“We all know the challenges but actually they present great opportunities,” he says. “The loss of department store Bhs on Oxford Street has allowed gold concept Swingers and a food hall to come in. We are looking forward to a five floor Microsoft including two floors that are effectively Xbox lounges, John Lewis adding a cinema on the roof, Adidas coming in with a brand statement. These all boost the retail and leisure mix.”
Tyrrell says that such reinvention is the key for any major city around the world and adds that despite pedestrianisation of Oxford Street recently being declined, he expects Westminster City Council to come up with a “bold plan” come the autumn.
“They are very aware of what an asset the West End is to the city and with Crossrail [the new east-to-west rail link across London]and the expectation of a further 60 million visitors to the area by 2020, up one third,” he says. “I think we’ll see something very positive, a race to the top!”
Flexible space is the key to it, from contracts to the correct specification, locations, the mix of brands, the ‘wow’ factor. And as we see formats such as department stores struggle we need to think about larger MSUs, showcases for brands and leisure beyond cinemas. We are constantly looking at and reworking concepts. – Mark Bourgeois.
“F&B has obviously been a huge success and Southampton is a case in point, where the F&B extension adjoining the shopping centre has boosted the offer in the city, created a new piazza and given something to the city.”
“We are still seeing a number of sectors performing well,” says Graham Barr, senior director, CBRE. “That’s across the board from JD Sports to athleisure brands such as LuluLemon and Sweaty Betty, to North Face. It’s part of a wider growth of the whole industry, with a lot more gym brands opening up, so it’s about the weight of the sports offer.”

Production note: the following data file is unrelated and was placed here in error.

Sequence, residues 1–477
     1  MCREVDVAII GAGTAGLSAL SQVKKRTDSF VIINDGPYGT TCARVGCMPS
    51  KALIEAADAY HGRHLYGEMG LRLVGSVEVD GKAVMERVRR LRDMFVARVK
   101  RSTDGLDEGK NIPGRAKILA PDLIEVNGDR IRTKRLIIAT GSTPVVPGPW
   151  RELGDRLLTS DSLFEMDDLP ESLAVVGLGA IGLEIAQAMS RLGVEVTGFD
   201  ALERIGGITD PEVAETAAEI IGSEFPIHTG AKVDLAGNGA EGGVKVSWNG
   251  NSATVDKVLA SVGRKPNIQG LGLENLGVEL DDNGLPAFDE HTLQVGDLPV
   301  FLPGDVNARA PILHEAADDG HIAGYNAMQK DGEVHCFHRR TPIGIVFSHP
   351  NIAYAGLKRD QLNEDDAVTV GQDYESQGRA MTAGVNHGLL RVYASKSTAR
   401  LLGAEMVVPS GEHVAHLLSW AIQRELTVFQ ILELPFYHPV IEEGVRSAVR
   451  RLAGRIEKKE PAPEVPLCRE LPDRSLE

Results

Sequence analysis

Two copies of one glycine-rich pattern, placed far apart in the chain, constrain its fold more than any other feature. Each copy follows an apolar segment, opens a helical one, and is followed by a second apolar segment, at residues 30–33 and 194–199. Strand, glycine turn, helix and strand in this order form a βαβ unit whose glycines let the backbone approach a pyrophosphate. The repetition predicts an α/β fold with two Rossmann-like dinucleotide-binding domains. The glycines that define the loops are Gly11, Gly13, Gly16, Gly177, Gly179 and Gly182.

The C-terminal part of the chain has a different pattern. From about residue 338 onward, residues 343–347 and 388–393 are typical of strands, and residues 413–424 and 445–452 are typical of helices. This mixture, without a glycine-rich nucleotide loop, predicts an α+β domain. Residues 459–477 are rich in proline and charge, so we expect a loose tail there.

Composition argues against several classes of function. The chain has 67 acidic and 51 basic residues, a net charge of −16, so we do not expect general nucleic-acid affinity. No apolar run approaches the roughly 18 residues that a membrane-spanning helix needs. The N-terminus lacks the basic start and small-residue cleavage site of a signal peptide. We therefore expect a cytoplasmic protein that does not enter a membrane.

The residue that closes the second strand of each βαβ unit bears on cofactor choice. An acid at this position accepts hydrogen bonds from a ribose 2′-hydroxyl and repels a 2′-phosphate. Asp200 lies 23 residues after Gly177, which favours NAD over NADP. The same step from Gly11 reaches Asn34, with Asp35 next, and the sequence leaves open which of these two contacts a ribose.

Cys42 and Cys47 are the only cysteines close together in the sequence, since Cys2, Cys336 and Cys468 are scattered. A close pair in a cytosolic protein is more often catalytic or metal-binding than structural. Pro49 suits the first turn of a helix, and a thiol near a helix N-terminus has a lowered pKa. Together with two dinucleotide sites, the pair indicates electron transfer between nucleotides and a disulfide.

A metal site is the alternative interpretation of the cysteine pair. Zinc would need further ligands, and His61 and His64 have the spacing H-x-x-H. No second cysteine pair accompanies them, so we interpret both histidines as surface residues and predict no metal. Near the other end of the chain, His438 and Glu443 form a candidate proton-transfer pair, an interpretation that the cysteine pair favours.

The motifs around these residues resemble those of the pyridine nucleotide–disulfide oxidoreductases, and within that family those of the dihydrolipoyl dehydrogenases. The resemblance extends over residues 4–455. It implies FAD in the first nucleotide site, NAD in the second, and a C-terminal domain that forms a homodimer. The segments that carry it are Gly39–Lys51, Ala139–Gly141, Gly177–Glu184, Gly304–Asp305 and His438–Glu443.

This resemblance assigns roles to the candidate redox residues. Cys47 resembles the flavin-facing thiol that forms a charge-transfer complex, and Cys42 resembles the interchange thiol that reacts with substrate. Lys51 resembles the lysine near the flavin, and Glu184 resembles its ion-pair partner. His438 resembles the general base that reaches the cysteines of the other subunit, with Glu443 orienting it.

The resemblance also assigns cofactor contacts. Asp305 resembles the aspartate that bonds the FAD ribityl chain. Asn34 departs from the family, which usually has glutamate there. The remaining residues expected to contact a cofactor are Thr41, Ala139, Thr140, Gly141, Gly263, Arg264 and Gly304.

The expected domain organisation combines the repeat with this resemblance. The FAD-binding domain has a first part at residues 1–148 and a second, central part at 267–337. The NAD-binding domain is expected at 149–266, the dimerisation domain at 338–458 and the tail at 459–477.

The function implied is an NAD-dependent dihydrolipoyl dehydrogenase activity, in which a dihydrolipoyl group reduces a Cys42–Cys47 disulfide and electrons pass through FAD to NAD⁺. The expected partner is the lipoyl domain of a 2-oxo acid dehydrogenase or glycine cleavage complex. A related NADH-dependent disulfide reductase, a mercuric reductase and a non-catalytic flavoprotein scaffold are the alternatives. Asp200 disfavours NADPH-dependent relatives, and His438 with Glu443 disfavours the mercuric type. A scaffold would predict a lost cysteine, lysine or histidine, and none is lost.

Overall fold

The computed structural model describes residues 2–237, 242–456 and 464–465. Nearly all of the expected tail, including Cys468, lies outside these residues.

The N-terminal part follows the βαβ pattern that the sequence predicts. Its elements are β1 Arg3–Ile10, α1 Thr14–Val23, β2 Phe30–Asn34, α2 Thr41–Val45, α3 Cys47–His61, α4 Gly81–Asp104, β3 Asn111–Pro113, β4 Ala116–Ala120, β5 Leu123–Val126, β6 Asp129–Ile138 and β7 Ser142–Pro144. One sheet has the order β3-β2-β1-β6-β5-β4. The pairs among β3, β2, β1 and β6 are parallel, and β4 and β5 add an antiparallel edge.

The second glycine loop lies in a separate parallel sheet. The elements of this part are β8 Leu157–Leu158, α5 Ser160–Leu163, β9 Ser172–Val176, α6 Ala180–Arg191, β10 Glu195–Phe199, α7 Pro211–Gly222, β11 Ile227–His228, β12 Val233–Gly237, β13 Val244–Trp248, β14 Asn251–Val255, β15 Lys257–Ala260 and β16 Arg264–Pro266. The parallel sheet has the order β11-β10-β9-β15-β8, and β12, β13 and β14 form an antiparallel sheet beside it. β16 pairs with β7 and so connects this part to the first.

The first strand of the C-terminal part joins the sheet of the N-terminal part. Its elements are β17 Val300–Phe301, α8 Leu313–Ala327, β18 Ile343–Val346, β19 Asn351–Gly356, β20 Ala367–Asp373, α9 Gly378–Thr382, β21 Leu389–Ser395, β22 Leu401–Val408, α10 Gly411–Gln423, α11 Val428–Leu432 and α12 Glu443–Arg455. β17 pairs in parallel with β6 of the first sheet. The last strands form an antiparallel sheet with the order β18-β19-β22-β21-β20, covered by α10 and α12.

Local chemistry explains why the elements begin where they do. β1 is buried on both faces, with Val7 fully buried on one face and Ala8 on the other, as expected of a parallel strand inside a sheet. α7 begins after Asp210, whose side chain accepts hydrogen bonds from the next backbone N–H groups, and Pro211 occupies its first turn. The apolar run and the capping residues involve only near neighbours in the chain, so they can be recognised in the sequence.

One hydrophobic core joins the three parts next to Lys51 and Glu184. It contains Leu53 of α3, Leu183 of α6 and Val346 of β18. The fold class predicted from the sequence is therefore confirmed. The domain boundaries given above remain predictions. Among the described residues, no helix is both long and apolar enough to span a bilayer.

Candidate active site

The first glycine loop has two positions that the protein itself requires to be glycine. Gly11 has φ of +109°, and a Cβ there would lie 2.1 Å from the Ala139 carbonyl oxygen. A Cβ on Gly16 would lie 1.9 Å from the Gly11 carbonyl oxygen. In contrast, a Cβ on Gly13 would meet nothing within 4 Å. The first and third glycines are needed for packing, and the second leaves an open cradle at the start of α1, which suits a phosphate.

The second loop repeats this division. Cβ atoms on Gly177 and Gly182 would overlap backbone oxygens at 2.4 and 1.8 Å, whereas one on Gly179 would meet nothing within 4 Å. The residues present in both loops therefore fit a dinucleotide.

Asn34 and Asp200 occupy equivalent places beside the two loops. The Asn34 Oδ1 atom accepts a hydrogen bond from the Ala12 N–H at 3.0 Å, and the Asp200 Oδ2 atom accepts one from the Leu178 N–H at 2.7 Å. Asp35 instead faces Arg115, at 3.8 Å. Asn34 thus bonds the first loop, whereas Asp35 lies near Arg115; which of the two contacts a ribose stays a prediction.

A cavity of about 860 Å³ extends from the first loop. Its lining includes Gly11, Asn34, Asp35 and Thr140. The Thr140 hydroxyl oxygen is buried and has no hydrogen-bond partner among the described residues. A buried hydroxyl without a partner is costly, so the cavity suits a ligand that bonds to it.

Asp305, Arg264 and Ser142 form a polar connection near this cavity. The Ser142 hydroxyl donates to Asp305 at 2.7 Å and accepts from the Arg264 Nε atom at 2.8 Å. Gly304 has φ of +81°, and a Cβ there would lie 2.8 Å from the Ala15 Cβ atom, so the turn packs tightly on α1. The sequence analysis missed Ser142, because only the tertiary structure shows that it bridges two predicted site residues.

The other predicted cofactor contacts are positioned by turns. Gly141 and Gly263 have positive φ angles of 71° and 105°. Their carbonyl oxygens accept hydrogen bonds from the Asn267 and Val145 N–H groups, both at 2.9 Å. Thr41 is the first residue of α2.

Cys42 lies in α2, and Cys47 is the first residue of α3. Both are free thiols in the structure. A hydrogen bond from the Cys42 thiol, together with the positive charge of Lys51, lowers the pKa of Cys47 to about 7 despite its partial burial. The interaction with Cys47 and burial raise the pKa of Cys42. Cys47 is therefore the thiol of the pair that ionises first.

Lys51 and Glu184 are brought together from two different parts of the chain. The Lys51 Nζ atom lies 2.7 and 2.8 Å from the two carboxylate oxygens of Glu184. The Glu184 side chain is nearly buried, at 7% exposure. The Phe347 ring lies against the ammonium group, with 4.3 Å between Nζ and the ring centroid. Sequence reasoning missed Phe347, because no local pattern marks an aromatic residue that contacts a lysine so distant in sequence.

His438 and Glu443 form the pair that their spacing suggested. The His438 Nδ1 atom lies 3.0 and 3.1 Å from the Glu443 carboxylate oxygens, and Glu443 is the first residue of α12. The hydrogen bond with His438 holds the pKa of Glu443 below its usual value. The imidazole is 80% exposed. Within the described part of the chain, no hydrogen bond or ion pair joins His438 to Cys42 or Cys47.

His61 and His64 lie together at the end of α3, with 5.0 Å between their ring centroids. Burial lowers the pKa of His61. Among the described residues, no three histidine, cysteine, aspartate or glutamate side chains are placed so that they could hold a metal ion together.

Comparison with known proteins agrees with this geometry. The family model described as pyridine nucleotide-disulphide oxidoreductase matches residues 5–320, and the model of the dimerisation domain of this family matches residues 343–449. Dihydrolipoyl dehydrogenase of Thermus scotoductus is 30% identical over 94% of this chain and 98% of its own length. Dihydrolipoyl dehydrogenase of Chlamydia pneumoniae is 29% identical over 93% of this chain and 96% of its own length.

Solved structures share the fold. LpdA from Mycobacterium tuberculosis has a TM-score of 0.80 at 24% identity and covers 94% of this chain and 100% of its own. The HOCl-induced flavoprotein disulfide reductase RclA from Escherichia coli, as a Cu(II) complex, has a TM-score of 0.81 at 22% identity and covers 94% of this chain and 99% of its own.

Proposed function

Barr also points to the technology sector, noting the sharp change between the decline of major high streets and retail park brands such as Comet and the exit of Best Buy a few years ago with the rise of the likes of Dyson, Samsung and the impending Microsoft store in London.
They have all promoted experience stores in interesting locations and have reinvented the sector. – Graham Barr
Of course the UK has been hit be some challenging trade winds, with Toys R Us, Maplin, Mothercare, New Look and House of Fraser among those to close or reduce store numbers through Company Voluntary Administrations already in 2018. Barr feels these are “case-by-case” events and not representative of the wider market but says that retailers need to be focused on their business fundamentals and says that openings are “very carefully considered and analysed” by retailers before they agree deals.
“It has undoubtedly been a difficult last five months for the retail sector in the UK,” says Ed Cooke, chief executive of Revo. “That has been illustrated by the Company Voluntary Administrations (CVAs) and their impact, which is perhaps a symptom rather than the cause.”
Cooke would like to see “more and better” intervention from the government through regulation as he points to the disruption that CVAs have caused, not just for landlords but also for local authorities trying to energise their town centres and to other retailers.
“What we have seen during the opening six months of 2018 is a great illustration of why we need action,” he says.
F&B remains a strong growth area, despite some setbacks for casual dining chains, while he notes that much of the best innovation is being driven by leisure operators such as Puttshack [a new take on mini-golf]and Flight Club [darts].
Retail in the UK will be discussed at MAPIC 2018.